For a moment I am struck dumb by my mother’s perceptiveness. Then my great, great love for her intervenes and I lie and lie and lie. ‘You only say that because you have not met Blake yet. He is beautiful and strong and kind. It was love at first sight. When I told him about you, he gave double what he knew I needed.’
My mother sighs. ‘I pray to God that I will be alive for your wedding.’
I feel the hollowness spread through my body. It doesn’t matter, I tell myself fiercely. So what if my mother will be disappointed? All that counts is she will be cured. I will forget this one in time and marry someone else, another who will not consider me so lowly that I am only fit to be hidden away like a dirty little secret. Someone with a beautiful heart like Jack.
Yes, someone like Jack.
I leave my mother’s house and going past Billie’s door run two floors down to ring Jack’s mother’s doorbell. While I am waiting for her to open the door I look down the railing, and see Fat Mary browning herself into an uneven shade of lobster.
Fat Mary is a big woman who lives in the corner downstairs flat and sunbathes topless in her garden, even though it is overlooked, by all the other flats in the block. Every Friday night she makes her hair big, stuffs herself into a tight dress and high heels, and goes to the Irish nightclub on Kilburn high street to find herself a bloke to bring home. Like clockwork they slip out of her door, all sheepish before lunch on Saturday.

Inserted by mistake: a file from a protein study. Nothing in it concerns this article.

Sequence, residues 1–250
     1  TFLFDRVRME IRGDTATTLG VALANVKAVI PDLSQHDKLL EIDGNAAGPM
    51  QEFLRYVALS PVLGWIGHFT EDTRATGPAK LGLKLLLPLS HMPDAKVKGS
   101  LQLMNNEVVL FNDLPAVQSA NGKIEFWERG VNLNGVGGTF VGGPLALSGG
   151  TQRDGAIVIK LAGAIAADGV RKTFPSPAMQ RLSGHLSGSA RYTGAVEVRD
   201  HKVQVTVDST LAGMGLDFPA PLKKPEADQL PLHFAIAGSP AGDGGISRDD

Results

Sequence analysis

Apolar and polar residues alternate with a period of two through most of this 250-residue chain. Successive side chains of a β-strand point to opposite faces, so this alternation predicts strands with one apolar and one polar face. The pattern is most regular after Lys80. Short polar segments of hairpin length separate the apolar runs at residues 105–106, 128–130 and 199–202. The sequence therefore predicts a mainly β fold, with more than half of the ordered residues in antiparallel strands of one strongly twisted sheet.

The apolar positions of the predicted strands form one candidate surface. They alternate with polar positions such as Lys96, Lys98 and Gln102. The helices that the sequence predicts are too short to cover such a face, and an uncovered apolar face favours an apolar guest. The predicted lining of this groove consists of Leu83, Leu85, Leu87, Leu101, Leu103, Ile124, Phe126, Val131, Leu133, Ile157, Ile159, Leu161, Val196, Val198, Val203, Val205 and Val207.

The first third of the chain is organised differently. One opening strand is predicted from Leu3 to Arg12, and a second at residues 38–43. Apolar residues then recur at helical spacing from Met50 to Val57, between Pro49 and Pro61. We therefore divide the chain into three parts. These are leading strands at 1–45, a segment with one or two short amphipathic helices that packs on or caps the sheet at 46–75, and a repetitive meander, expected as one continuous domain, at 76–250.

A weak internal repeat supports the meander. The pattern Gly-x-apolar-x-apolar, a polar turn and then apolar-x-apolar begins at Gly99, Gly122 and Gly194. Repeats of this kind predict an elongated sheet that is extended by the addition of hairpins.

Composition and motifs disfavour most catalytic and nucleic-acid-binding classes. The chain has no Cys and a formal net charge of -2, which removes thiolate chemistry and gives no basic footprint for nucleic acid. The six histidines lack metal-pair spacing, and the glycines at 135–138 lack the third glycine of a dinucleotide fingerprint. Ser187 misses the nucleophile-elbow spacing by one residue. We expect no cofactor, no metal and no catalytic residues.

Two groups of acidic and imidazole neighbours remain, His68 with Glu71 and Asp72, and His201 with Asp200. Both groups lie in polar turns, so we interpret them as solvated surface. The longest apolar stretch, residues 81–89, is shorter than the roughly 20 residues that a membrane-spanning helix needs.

All the little boys on bicycles always call out, ‘Hey, Mary, how’s your mary?’ Her fat face never alters as she shows them her middle finger.
Jack’s mother’s face appears at the kitchen window. ‘Oh, hello, dear,’ she says with a smile, before she comes to open the door. She has the same beautiful eyes fringed by thick sooty lashes as Jack.
‘Hi, Fiona. Mum sent you some cake.’
‘How lovely. How is she feeling today?’
‘It’s a good day today.’
‘That’s good. Would you like to come in, dear?’
‘Nah, I’ve got to run.’
‘Well, you run along, then.’